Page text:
And as the New York Times reported last October, “most of the newer jihadist groups have local agendas, and very few aspire to strike directly at the United States as Osama bin Laden’s core network did.”
“Western politicians and commentators who claim that the al Qaeda linked groups in North Africa are a serious threat to the West unnecessarily alarm their publics and also feed the self-image of these terrorists who aspire to attack the West, but don’t have the capacity to do so,” Bergen writes.
To take one example, a congressional report in late 2011 insisted on building up Nigerian security forces and essentially starting a proxy war with the Islamist group Boko Haram.
But here’s what the chairman of the committee that drew up the report, Patrick Meehan (R-PA), told reporters: “While I recognize there is little evidence at this moment to suggest Boko Haram is planning attacks against the [US] homeland, lack of evidence does not mean it cannot happen.”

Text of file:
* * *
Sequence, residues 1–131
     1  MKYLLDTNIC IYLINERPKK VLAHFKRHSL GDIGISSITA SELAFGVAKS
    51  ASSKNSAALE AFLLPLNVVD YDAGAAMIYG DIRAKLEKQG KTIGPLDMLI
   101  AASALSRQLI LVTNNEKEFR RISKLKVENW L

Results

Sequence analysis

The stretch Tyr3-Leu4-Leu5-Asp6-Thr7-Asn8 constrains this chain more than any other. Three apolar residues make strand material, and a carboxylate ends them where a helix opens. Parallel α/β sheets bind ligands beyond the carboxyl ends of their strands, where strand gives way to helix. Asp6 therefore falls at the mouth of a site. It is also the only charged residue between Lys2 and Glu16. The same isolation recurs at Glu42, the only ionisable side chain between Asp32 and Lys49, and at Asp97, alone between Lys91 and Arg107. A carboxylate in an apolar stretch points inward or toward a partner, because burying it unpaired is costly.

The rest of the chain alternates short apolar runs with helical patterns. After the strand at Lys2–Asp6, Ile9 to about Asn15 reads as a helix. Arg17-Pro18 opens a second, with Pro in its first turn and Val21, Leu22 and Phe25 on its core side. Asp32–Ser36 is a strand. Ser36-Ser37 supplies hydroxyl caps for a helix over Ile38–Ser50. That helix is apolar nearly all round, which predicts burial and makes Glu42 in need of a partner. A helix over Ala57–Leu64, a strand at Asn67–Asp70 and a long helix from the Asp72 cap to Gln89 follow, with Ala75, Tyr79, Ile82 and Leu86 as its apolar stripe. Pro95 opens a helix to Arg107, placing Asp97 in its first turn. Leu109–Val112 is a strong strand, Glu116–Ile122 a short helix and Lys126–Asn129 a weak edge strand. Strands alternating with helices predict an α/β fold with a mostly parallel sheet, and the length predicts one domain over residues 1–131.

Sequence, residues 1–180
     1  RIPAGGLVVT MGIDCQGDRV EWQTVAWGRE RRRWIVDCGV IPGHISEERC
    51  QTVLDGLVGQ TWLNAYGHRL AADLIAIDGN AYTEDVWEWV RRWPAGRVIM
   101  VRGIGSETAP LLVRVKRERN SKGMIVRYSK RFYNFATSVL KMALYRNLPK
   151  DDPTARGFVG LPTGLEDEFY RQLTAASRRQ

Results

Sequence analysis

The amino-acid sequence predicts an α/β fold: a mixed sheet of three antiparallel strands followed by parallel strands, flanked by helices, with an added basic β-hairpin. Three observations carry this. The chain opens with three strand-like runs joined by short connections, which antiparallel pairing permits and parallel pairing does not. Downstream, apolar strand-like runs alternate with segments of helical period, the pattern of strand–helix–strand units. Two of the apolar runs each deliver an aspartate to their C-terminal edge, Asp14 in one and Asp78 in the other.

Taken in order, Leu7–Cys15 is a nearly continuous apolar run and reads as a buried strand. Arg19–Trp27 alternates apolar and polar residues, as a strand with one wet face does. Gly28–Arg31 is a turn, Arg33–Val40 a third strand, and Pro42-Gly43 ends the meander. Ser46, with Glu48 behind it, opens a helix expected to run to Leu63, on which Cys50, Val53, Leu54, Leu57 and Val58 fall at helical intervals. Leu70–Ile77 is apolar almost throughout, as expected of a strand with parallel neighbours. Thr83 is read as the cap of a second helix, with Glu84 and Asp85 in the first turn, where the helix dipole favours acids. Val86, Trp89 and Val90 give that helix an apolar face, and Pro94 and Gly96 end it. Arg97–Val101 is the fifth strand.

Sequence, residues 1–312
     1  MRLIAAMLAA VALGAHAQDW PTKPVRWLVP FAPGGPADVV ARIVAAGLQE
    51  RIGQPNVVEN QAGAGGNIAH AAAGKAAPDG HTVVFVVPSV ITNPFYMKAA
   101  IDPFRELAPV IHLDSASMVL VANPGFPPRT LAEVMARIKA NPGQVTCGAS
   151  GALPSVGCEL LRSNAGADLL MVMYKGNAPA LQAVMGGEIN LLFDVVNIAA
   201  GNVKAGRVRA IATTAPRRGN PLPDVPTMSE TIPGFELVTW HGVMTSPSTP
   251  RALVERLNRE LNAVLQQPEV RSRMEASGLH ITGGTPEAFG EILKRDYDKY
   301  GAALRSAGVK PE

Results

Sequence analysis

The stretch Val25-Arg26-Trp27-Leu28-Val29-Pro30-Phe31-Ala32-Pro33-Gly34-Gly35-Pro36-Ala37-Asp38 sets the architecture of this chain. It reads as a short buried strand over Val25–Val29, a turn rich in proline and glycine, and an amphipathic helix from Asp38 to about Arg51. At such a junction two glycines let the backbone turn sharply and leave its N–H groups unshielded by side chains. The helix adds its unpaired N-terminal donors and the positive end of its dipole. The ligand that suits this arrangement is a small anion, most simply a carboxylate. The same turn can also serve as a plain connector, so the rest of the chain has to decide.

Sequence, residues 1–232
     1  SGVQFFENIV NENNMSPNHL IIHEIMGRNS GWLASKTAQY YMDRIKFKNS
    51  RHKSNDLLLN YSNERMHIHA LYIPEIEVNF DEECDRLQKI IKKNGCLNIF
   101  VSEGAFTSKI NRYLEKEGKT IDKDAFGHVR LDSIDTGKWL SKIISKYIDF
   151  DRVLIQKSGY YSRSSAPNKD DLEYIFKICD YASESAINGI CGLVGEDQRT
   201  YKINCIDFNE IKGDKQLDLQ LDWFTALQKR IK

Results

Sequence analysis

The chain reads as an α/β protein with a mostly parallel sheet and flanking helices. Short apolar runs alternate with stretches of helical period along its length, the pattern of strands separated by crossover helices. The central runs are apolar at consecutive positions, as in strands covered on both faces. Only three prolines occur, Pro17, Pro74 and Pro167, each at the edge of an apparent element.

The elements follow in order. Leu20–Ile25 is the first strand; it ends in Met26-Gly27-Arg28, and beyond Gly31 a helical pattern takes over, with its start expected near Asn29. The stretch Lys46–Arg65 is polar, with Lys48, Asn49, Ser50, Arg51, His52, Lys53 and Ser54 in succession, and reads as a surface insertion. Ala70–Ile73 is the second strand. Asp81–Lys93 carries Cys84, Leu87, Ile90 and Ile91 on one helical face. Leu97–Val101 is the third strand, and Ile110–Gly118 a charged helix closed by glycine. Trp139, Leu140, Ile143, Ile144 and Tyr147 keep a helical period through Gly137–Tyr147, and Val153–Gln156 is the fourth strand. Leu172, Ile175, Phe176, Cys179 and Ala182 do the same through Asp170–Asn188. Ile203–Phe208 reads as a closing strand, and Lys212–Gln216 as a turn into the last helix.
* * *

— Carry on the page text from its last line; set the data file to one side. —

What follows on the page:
A Washington Post article around the same time noted a similar tendency to inflate the threat and overcompensate with interventionism.
Some officials in the Obama administration were wary of expanding the drone war in Somalia, the report said, “out of concern that a broader campaign could turn al-Shabab from a regional menace into an adversary determined to carry out attacks on US soil.”
The National Counterterrorism Center’s annual report for 2011 said about 10,000 acts of violence occurred in 2011 that the government classifies as terrorism, killing about 13,000 people total. Zero terrorist attacks occurred in the US and almost all of the fatalities were in just four countries, which happen to be virtual war zones: Afghanistan, Iraq, Pakistan, and Somalia.